Today I finish following US2 east and turn south across the Mackinac Bridge for a nice slab blast home on I75. Then the weather decides to throw me one last curve.
I was awake before the 8:30am alarm went off. All it took was a quick glance outside to see the sunny blue sky and my brain was awake and ready to get moving down the road.
I still found reasons to dawdle. Answering few messages online, taking a shower, finding a clean t-shirt; these things sound simple but eat up time. The biggest delay was figuring out what to do with my newly broken boot. The main zipper had failed and it looked like my road tools were not going to get it to start working again, if at all.
I had plenty of extra lace, so I tied two knots: one at the top of the normal lace-up area, and a second after looping around to the rear of the boot.
I had the bike loaded and was pulling out of the parking lot about 10:15am. This was the scenery behind my hotel.
The basic plan was to take US2 from Gladstone all the way until it ended in St. Ignace near the Mackinac Bridge suspension bridge. Then I’d turn south on the I75 slab and get my butt home.
US2 mostly runs along the Lake Michigan shoreline on the south side of Michigan’s Upper Peninsula (UP). Being that it’s not as filled with elevation changes as your typical UP road, and the shoreline isn’t all that craggy, the road tends to be mostly straight and allows for plenty of passing lanes to get around the slowpokes. The K1600’s motor took care of making passes without a passing lane.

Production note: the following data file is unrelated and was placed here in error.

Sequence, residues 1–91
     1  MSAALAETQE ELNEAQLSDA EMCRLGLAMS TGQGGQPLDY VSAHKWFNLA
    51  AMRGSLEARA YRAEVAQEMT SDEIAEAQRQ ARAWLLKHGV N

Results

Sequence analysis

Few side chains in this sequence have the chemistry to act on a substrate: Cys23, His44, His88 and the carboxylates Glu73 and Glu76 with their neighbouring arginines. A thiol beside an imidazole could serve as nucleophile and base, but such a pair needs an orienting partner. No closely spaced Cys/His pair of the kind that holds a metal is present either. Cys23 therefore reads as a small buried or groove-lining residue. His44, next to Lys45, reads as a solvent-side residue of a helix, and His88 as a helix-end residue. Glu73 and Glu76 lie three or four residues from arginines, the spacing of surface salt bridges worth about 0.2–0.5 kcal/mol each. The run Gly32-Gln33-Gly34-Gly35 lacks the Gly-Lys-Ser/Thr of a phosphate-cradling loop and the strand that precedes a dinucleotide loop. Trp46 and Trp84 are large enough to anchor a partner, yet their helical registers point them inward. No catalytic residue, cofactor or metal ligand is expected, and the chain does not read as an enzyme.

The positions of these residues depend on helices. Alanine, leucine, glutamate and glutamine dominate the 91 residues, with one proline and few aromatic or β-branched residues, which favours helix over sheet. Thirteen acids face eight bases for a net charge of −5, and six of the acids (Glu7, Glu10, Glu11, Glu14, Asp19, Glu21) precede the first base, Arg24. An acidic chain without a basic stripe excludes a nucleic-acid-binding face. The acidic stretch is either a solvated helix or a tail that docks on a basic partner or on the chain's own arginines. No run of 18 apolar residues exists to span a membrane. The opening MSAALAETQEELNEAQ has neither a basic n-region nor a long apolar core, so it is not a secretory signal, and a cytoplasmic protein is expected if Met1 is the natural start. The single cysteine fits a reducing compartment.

It was still a relatively cool morning, but I wasn’t wearing my heated gear; I’d happily stowed that away while packing, along with switching to my perforated gloves.
The route along US2 alternates between forest and shoreline, with short pauses to ride through nice little coastal tourist towns. I stopped at a park in Manistique to take a few photos.
East of Manistique, the highway dodged about five miles inland before merging from the forest and back to the shore near Naubinway. I was running short on gas and stopped to fuel up the Nightowl. I considered a quick snack because last night’s dinner of the monster sweet roll was beginning to wear off. I knew, however, that there was good food to be had less than an hour down the road at the Northern Lights restaurant in St. Ignace. I’d eat there.
US2 hugs the coast nearly all the way from Naubinway to St. Ignace, so I had several opportunities for nice lake views. I finally gave in to temptation and stopped for a few vanity shots of the Nightowl.
I then realized that I was always shooting the Nightowl’s ass and almost never from the front. So…
There’s a nice overlook at Epoufette, but trees have grown up so much in the last 30 years that you can’t see that much anymore.
As you enter St. Ignace, you finally get close enough to see the Mackinac Bridge. I dutifully paused for still more photos.
With my coastal photography duties out of the way, it was time for lunch. I rode across the I75 interchange and into St. Ignace. I pulled into the Northern Lights diner and…
Shuttered is a better word.
So, back towards the I75 interchange and a decision between a Big Boy and a truck stop restaurant. I see more tourist (loaded up) vehicles in front of the Big Boy, so I park at the truck stop.